The 2007-9 global economic crisis had a multiplicity of inter-related causal factors but one factor often highlighted concerns the role of credit rating agencies (CRAs) in the crisis. Following the crisis, the European Commission, (EC) implemented new regulations designed to control the worst excesses of the CRAs as well as reduce the chances of such events re-occurring in future. This paper focuses on the implementation of the EC regulations on CRAs with the aim of understanding how participants working in the UK financial markets perceived the EC Credit Rating Agency regulations and their impact on market practices. The empirical research undertaken for this paper leads to a conclusion that the EC CRA regulations were seen to fall short of what was required for effective regulation and are unlikely to inhibit the role of CRAs in future or prevent such crises. This situation poses major challenges to public policy which must be addressed by governments at national and supra-national levels.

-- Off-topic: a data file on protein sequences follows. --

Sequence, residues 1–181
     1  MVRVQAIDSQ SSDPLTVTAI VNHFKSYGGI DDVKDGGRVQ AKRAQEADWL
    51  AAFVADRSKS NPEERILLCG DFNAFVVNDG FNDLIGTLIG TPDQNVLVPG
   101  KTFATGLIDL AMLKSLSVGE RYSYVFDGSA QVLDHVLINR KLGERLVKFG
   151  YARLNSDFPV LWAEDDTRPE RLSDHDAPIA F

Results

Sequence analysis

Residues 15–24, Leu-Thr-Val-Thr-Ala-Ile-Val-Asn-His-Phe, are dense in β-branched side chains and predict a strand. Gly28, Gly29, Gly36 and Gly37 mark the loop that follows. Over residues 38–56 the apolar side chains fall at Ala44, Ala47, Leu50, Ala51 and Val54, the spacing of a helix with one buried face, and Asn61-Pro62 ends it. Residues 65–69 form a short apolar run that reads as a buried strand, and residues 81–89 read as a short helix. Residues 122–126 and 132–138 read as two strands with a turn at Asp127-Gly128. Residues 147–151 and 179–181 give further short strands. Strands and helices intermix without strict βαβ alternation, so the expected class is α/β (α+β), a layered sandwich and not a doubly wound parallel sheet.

Ndlovu, TabaniEinig, SandraProwle, MalcolmSibanda, Welcome
Oxford Brookes Business School\Oxford Brookes Business School\Department of Accounting, Finance and Economics
Year of publication: 2018Date of RADAR deposit: 2018-12-21
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